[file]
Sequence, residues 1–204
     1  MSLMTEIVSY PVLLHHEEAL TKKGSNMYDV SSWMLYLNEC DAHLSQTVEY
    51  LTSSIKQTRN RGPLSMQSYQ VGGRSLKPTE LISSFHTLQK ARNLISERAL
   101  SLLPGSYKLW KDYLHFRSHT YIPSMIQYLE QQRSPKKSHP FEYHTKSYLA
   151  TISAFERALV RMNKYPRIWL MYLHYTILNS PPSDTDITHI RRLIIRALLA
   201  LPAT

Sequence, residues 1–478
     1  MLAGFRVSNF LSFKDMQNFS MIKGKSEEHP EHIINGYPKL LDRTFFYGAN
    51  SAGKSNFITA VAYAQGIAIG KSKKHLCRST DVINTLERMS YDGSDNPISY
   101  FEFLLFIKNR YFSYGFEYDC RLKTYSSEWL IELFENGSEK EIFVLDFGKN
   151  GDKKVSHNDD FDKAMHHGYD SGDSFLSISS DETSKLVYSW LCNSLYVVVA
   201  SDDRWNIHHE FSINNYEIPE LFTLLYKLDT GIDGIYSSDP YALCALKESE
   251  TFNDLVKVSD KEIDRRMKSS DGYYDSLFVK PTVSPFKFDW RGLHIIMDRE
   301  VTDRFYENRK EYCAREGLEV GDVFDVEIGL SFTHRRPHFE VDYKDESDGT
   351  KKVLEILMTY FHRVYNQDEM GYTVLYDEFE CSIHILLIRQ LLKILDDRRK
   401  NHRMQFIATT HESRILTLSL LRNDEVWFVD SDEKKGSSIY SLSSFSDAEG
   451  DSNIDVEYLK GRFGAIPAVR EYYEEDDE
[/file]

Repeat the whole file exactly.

Sequence, residues 1–204
     1  MSLMTEIVSY PVLLHHEEAL TKKGSNMYDV SSWMLYLNEC DAHLSQTVEY
    51  LTSSIKQTRN RGPLSMQSYQ VGGRSLKPTE LISSFHTLQK ARNLISERAL
   101  SLLPGSYKLW KDYLHFRSHT YIPSMIQYLE QQRSPKKSHP FEYHTKSYLA
   151  TISAFERALV RMNKYPRIWL MYLHYTILNS PPSDTDITHI RRLIIRALLA
   201  LPAT

Sequence, residues 1–478
     1  MLAGFRVSNF LSFKDMQNFS MIKGKSEEHP EHIINGYPKL LDRTFFYGAN
    51  SAGKSNFITA VAYAQGIAIG KSKKHLCRST DVINTLERMS YDGSDNPISY
   101  FEFLLFIKNR YFSYGFEYDC RLKTYSSEWL IELFENGSEK EIFVLDFGKN
   151  GDKKVSHNDD FDKAMHHGYD SGDSFLSISS DETSKLVYSW LCNSLYVVVA
   201  SDDRWNIHHE FSINNYEIPE LFTLLYKLDT GIDGIYSSDP YALCALKESE
   251  TFNDLVKVSD KEIDRRMKSS DGYYDSLFVK PTVSPFKFDW RGLHIIMDRE
   301  VTDRFYENRK EYCAREGLEV GDVFDVEIGL SFTHRRPHFE VDYKDESDGT
   351  KKVLEILMTY FHRVYNQDEM GYTVLYDEFE CSIHILLIRQ LLKILDDRRK
   401  NHRMQFIATT HESRILTLSL LRNDEVWFVD SDEKKGSSIY SLSSFSDAEG
   451  DSNIDVEYLK GRFGAIPAVR EYYEEDDE